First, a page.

By now most people have heard of the word dementia. But do you know exactly what it is? It is a gradual loss of mental abilities such as memory, thinking, language, judgment, and usually accompanied by changes in behavior. Dementia isn’t simply occasional forgetfulness, but a problem in the brain that is severe enough to interrupt normal daily activities.
Where many people get confused is when they think dementia is a disease in and of itself. In fact, dementia is the result of a disease, brain disorder, or injury. It is not a disease, but a range of symptoms that tell us a disease or condition is causing physical changes in the brain.
A good way to think about this is to draw a parallel between dementia and another symptom like itching. This may seem odd at first, but the comparison is actually quite helpful. For instance, like dementia, itching can be mild or severe, can cause a minor problems at first or can turn out to be a very serious issue. Itching can be the symptom of a number of diseases or conditions that are treated very differently. For example, itching may be a symptom of psoriasis, allergies, kidney disease, poison ivy or even lymphoma. Each of the underlying causes is treated very differently from the others. Treatment of the symptom, in this case itching, may make it better. But the goal is to discover and address the underlying cause. So, like itching, it can help to think of dementia as a cluster of symptoms that indicates something is happening in the brain, though it does not tell us exactly what.
Types of Dementia
There are several types of dementia, caused by different underlying conditions. The most well known types of dementia include Alzheimer’s dementia (AD), Parkinson’s disease dementia, and Lewy Body dementia. But there are also types of dementia caused by vascular disease (such as strokes) and Frontotemporal dementia, which is caused by the breakdown of nerve cells in particular regions of the brain.
Early Signs of Dementia
If you recognize any of the following early signs in yourself or a loved one, it is important to speak with your doctor. You can then work together to find out what is causing your symptoms, including obtaining some tests or possibly finding a doctor who specializes in diagnosing and treating dementia:
• Forgetfulness that hinders your ability to get through the day: This can include asking about the same thing repeatedly, especially if it was just learned; this is different from sometimes forgetting names or dates and remembering them at a later time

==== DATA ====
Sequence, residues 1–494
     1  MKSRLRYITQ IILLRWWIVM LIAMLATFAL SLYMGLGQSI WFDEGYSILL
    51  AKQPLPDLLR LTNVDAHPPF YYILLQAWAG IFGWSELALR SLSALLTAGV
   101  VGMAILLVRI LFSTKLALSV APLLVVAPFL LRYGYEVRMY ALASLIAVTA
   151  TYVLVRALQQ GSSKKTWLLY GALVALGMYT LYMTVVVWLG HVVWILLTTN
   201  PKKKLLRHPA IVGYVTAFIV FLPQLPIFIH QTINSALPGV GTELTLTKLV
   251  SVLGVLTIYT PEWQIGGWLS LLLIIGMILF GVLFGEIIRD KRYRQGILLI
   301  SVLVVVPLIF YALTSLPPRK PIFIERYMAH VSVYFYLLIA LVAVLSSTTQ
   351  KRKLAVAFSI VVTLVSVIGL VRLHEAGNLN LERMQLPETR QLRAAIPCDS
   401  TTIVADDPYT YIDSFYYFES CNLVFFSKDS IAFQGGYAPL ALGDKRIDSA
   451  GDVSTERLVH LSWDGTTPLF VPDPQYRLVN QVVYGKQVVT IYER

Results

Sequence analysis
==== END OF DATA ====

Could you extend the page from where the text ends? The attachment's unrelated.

• Growing challenges in planning or solving problems: This might include being unable to concentrate, focus, or follow directions. The difficulties are ongoing, and not just occasional errors. They might occur, for example, when balancing a checkbook, paying the bills or following a familiar recipe
• Difficulty completing tasks that used to be easy: Examples include getting lost while driving on a familiar route or needing help to use the settings on a microwave which were used independently before
• Confusion about what season it is, or the passage of time: Forgetting the date, time and location can occur; this is different from temporarily thinking it is Wednesday when it is Thursday
• New problems with words, speaking or writing to the point that joining a conversation is difficult: This is different from sometimes having trouble finding the “right” word
The very presence of any symptom, if it is more than just a minor, passing issue, means that it is time to get to a doctor to find out what is going on. There are different types of dementia with different causes. Some are even reversible, for example as with certain vitamin deficiencies or hormonal imbalances. In those not reversible, treatment may help with symptoms. An earlier diagnosis may also help patients and families learn as much as they can about the illness and what needs and choices may be anticipated.
Rachel Schindler, MD is a physician/scientist who leads the strategy for Neurosciences in the Clinical Sciences group at Pfizer’s Global Innovative Pharmaceuticals Medicines Development Group. She is the founder and former Director of the Neurobehavior and Memory Disorders Program at University Hospital at Stony Brook
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